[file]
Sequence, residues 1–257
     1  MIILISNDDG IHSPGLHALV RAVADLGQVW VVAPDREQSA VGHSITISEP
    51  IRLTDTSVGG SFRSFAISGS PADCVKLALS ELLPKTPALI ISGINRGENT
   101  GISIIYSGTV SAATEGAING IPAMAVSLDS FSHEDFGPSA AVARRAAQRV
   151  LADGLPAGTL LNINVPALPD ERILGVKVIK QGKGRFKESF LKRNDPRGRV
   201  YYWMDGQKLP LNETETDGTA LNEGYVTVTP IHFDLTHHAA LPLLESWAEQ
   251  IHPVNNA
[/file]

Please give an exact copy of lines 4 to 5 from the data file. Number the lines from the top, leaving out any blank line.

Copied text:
   101  GISIIYSGTV SAATEGAING IPAMAVSLDS FSHEDFGPSA AVARRAAQRV
   151  LADGLPAGTL LNINVPALPD ERILGVKVIK QGKGRFKESF LKRNDPRGRV